9. Enhanced motor function including attention to task and reaction times
  10. Improved cardiovascular regulation

What If I Don’t Exercise During Pregnancy?

For some of us, hearing all the benefits (and there are a freaking lot!) isn’t enough. We need both the carrot and the stick, as they say. So what if you are still feeling like exercise just isn’t for you?

First off, let me say, it’s probably not as much time and effort as you think it’s going to be, but we’ll address recommendations for exercise during pregnancy below. But before we get to that, let’s put in black and white what you might be at increased risk for with a sedentary pregnancy (essentially reverse all the good I listed above):

  1. Excessive weight gain
  2. Increased risk for gestational diabetes
  3. More nausea
  4. Insomnia
  5. Increased incidence of leg cramps
  6. More frequent heartburn
  7. Increased swelling and carpal tunnel pain
  8. Greater incidence of round ligament pain
  9. Lower back, SI, pubic symphysis pain
  10. Hemorrhoids

Risks of Exercise During Pregnancy

The risks of the right type of exercise, meaning mild to moderate, during pregnancy for healthy pregnancies are pretty low. In fact, if you don’t have any of the contraindications below, you should definitely be moving your body!

Exercise may present risks if you are performing high-intensity exercise, particularly if you haven’t already been pushing yourself with your workouts.

Look for a program that will help you gain both the strength and mobility needed for helping you feel good and prevent injury during your pregnancy, labor and postpartum. You’ll want to strengthen while not overly taxing the pelvic floor. You’ll want to stretch while keeping in mind your body is full of the relaxin hormone. And you’ll want to make sure you’re causing pain while exercising.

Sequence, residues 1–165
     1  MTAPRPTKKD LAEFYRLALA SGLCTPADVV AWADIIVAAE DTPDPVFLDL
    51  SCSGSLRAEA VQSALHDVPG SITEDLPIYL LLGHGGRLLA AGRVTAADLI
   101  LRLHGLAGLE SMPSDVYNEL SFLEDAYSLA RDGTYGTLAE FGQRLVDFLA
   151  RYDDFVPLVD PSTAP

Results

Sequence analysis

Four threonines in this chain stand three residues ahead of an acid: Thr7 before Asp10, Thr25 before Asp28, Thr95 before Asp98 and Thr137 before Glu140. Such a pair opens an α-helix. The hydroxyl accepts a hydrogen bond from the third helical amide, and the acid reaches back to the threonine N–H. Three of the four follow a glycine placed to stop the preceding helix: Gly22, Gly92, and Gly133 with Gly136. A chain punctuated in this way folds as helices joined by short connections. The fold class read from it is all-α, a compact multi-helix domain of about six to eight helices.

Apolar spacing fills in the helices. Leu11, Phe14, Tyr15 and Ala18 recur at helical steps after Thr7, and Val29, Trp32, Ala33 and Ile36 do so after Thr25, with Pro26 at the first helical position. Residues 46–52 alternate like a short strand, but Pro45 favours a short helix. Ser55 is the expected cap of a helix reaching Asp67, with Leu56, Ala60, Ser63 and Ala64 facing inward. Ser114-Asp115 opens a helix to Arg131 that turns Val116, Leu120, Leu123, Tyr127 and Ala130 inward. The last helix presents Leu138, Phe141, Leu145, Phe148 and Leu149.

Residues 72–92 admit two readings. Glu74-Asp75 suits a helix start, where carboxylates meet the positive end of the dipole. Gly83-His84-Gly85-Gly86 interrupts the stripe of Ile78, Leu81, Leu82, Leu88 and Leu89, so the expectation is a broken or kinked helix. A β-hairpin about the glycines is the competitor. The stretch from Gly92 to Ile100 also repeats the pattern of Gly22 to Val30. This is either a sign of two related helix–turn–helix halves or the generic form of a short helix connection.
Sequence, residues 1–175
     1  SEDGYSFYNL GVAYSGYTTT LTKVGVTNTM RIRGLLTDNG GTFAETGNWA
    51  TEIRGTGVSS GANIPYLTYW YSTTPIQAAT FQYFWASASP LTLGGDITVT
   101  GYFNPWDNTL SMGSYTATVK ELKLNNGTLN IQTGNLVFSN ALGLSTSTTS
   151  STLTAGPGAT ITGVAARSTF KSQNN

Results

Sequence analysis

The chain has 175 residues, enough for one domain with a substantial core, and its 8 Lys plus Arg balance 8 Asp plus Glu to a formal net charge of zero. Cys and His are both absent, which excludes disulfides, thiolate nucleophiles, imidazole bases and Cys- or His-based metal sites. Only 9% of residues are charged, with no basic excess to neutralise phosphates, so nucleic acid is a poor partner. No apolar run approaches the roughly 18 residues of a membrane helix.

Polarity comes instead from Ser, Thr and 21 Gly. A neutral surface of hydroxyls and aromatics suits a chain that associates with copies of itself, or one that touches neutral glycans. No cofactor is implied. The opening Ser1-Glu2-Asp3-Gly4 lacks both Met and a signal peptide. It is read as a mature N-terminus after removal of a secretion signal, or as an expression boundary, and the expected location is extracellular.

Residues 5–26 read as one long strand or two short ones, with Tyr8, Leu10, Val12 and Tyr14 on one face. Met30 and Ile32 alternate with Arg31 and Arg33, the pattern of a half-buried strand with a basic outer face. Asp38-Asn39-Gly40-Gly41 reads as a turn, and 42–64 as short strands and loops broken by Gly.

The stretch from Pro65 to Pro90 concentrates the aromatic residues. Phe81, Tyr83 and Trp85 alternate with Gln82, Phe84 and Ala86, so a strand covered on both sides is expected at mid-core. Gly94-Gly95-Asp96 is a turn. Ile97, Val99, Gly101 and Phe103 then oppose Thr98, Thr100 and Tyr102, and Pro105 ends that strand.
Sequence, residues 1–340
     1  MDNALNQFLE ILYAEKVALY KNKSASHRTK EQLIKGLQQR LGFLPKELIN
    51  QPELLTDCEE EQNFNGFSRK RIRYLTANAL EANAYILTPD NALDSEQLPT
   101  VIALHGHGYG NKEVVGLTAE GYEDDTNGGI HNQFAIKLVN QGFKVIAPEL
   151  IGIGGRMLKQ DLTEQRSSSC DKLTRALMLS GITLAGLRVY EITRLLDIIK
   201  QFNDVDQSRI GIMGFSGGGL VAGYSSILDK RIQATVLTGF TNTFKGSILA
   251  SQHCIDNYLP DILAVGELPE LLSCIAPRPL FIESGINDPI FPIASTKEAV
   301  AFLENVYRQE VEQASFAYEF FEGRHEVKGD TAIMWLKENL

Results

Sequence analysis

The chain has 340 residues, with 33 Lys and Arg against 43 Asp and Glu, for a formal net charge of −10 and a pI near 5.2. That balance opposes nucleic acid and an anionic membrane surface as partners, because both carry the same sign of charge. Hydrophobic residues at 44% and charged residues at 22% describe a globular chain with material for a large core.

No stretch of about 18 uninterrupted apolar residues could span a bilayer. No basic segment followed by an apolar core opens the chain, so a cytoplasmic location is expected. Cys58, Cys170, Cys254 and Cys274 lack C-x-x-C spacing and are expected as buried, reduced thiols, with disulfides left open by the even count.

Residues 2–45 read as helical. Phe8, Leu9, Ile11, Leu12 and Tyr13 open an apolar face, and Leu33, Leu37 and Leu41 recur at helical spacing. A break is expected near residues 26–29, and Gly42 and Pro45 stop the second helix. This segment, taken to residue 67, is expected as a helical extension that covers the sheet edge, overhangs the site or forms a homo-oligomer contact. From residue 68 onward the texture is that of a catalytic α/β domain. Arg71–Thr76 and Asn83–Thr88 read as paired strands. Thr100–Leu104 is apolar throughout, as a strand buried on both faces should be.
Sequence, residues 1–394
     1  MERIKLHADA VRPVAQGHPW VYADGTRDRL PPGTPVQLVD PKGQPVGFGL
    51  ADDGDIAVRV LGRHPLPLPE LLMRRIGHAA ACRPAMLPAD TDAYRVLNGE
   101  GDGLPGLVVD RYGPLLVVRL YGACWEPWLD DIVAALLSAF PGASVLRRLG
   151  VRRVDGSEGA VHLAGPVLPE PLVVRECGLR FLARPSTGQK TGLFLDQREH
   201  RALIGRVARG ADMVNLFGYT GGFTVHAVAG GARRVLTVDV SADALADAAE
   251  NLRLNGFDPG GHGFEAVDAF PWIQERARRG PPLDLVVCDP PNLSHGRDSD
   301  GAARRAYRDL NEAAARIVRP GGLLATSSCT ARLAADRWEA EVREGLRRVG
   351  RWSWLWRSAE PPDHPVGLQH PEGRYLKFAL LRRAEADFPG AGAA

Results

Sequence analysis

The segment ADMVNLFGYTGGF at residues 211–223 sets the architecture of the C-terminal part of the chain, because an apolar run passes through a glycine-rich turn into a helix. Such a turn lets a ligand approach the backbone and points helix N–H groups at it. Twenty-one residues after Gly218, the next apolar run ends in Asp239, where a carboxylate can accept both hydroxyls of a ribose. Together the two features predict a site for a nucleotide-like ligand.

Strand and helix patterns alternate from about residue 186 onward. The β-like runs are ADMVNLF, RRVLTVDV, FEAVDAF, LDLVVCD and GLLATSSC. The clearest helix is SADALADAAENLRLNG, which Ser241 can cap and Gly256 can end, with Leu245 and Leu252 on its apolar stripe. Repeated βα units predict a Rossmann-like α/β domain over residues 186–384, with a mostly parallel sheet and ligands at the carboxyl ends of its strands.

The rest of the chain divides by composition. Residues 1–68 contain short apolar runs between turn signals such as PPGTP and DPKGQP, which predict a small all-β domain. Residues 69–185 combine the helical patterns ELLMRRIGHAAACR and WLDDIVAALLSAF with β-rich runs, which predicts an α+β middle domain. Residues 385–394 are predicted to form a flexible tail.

If you are already in beast mode, modifying your exercise routine during your pregnancy and after giving birth is important for helping prevent other issues down the road – most markedly incontinence, pelvic organ prolapse, and diastasis recti. <link to article> The great news is that exercise actually helps prevent these things too, so it’s really about a balanced approach!

And in case you were worried, most recent studies do not show that you’ll significantly reduce blood flow to your baby while exercising. You might actually help with getting a better flow to the baby if you do exercise!

Check-in with your doc before starting or continuing with exercise if you have been diagnosed or suspect you have any of the following:

  • Severe cardiovascular, respiratory or systemic disease
  • Uncontrolled hypertension, diabetes, seizure disorder, or thyroid disease
  • Ruptured membranes or premature labor
  • History of rapid labor or poor fetal growth
  • Persistent bleeding after 1st trimester
  • Early pregnancy bleeding
  • Incompetent cervix
  • A sedentary lifestyle with very poor fitness
  • Preeclampsia or toxemia
  • Multiple pregnancies (triplets, etc.)
  • Palpitations or arrhythmias
  • Poor fetal growth or intrauterine growth restriction
  • Anemia or iron deficiency
  • Extreme over- or underweight
  • Placenta previa

When to Start Exercising During Pregnancy and How

Supposedly there’s an old Chinese proverb that says, “The best time to plant a tree was 20 years ago. The second best time is now.” It’s kind of the same with pregnancy.